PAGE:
Yesterday was the first day of Standard Time across most of North America. We got an extra hour of sleep, but in exchange for this bonus snooze time, we are now faced with several months of ever-encroaching darkness. It’s the perfect time for a bag with built-in reflective capabilities, which kicks off our new “Did it with Dritz” week. This high-visibility mini-tote is great for kids who are often headed to school and back home in the dark. See how we used four different nifty notions from Dritz.
This cute little bag is made from easy-to-sew, pre-quilted material; no need for a lining or any extra batting or interfacing. We added Dritz Fold-Over Elastic to bind all the raw edges, and fashioned our cool clasp from a key fob and snap (see how easy it is below). Two widths of Dritz Fusible Reflective Ribbon make sure the wearer stands out in street lights and headlights.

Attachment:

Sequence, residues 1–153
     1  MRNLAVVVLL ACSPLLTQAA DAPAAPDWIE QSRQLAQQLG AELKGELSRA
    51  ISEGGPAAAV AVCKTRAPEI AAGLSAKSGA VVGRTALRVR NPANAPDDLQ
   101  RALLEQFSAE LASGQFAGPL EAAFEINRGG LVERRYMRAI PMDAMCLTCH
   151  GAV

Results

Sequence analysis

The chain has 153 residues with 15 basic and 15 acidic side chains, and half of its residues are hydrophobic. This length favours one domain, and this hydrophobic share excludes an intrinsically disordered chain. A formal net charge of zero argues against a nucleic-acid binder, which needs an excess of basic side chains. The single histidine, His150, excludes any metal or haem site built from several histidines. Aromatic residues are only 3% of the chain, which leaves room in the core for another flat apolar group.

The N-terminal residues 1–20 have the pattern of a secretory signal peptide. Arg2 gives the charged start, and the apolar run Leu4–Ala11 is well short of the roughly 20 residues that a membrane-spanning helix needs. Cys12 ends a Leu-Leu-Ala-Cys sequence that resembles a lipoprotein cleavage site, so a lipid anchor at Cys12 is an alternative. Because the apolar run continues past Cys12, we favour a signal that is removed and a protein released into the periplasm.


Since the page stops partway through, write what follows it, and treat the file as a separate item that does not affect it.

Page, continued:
Although designed with kids in mind, there’s no reason it couldn’t be used for adults as well. The cross body strap might need to be lengthened, but otherwise, it would be a great mini tote for anyone.
A big thanks to our friends at Dritz for sponsoring the entire week. Have you been over to see the new Dritz website? They’ve streamlined it, updated it, and completely revamped how you find their products. Dritz has so many different notions – literally thousands of them – you could fill a good size store with just their products. But on the new site, they’ve done a great job of figuring out how customers like to find things. And that’s visually.
Let’s say you want to look at all your different options in fabric pens. Once you’ve chosen your major category (“Sewing” in this case), you quickly see the Marking section you’re looking for. In about three clicks you’re looking at a dozen kinds of fabric markers, with the choice to click on each for more details. We’ve visited many, many notions sites with only a fraction of the selection of products, and the new Dritz.com really is much easier to navigate.